Posted September 20, 2010 by admin @ 2:27 pm
California’s cash strapped schools are getting pretty creative when it comes to finding ways to make money. The state legislature still hasn’t passed a budget, forcing schools to go it alone. Many institutions have already cut programs, such as art and music classes, in order to save money, but they’re finding themselves in the red nevertheless.
Some schools are making the controversial decision to allow advertising on campus. These kinds of programs are nothing new. On campus marketing has been going on for a while now. The difference is that more schools are turning to this strategy in rather obvious ways. While it used to be commonplace to see free beverage sample during nutrition or lunch, schools are now permitting banner ads and using their buses as billboards.
Some parents support these decisions because they feel the schools should take whatever measures are necessary to deliver a quality education. Others are concerned about impressionable children misinterpreting the ads as a passive endorsement from the school. Direct marketing to kids has always posed ethical questions, but advertising isn’t always a bad thing. Schools can sell ad space to institutions of higher learning, the armed forces, and manufacturers of healthy foods. While this may not appease ultra-zealous parents, there’s really no harm in making money off of promoting a worthy cause.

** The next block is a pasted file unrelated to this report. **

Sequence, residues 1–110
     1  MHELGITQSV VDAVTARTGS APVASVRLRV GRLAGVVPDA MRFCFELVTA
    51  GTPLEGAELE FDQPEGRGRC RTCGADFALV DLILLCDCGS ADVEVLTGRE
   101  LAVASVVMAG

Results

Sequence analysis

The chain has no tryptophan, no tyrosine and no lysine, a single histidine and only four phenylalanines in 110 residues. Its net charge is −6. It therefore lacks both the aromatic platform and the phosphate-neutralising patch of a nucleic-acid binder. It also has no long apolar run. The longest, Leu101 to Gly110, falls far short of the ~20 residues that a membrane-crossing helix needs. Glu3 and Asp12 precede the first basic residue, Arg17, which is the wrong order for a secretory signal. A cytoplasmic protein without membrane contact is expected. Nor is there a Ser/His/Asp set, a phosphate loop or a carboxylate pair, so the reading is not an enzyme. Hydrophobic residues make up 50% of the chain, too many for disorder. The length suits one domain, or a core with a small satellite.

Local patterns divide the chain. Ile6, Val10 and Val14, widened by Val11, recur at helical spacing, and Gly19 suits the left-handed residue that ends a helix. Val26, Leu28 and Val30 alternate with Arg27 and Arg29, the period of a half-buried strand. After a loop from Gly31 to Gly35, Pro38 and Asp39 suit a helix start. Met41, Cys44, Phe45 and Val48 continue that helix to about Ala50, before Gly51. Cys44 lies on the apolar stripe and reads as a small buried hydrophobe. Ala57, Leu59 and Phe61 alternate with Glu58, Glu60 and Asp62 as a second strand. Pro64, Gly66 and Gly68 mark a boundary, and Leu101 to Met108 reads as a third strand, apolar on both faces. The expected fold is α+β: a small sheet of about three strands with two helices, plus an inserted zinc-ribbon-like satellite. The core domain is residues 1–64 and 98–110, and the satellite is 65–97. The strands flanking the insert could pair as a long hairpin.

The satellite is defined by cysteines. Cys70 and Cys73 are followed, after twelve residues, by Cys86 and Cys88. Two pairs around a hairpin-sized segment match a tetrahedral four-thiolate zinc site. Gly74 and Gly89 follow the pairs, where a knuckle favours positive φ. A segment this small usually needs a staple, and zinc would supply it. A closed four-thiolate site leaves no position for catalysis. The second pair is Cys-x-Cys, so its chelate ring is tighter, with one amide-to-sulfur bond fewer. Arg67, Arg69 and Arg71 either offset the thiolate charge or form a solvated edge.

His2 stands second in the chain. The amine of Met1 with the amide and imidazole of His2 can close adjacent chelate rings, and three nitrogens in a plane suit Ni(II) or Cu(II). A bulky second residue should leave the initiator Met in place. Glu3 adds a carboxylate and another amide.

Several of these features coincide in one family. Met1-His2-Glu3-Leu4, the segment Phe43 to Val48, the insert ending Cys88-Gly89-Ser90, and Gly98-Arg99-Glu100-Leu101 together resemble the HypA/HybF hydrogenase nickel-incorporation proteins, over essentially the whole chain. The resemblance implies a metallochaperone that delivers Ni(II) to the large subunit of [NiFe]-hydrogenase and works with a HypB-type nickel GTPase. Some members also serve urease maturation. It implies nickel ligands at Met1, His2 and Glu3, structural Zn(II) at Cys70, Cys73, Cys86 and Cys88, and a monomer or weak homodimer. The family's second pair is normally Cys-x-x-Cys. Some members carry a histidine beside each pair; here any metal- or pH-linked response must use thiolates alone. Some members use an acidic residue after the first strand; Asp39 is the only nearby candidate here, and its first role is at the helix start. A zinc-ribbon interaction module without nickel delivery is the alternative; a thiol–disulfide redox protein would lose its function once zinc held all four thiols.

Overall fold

Perhaps these ad campaigns should be restricted to high schools only. Teenagers are still vulnerable, but they are less likely to fall victim to disingenuous claims. It’s probably a good idea to steer clear of junk food providers no matter how much money they offer. A school in San Jose permits advertising on campus, but not without approval from an advisory board. That way the schools control what the kids see, which means there are no inappropriate ads.
Hopefully, these ads will disappear once the economy picks up again. Until that time, parents are free to voice their opposition to these initiatives and push for tight controls over the content. Parents have every right to be uneasy about such matters, yet they need to realize that the schools feel as though they have no other choice. Having a school that’s literally covered in ads is still better than homeschooling for most families.